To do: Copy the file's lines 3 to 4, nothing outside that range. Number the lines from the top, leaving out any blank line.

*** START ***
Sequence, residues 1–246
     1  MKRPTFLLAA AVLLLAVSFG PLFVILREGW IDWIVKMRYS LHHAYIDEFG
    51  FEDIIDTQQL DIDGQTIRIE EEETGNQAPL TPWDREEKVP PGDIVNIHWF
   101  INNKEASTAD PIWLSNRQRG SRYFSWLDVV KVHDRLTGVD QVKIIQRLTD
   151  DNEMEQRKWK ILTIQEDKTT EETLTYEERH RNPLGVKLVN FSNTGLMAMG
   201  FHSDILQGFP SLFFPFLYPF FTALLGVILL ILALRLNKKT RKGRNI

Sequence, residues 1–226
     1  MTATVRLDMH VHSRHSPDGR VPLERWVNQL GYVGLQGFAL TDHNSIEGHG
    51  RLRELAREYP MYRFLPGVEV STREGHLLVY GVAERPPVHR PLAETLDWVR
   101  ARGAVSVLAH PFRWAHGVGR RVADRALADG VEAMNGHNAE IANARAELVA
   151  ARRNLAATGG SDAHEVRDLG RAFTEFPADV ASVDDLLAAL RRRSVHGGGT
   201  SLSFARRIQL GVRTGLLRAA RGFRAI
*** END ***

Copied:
    51  FEDIIDTQQL DIDGQTIRIE EEETGNQAPL TPWDREEKVP PGDIVNIHWF
   101  INNKEASTAD PIWLSNRQRG SRYFSWLDVV KVHDRLTGVD QVKIIQRLTD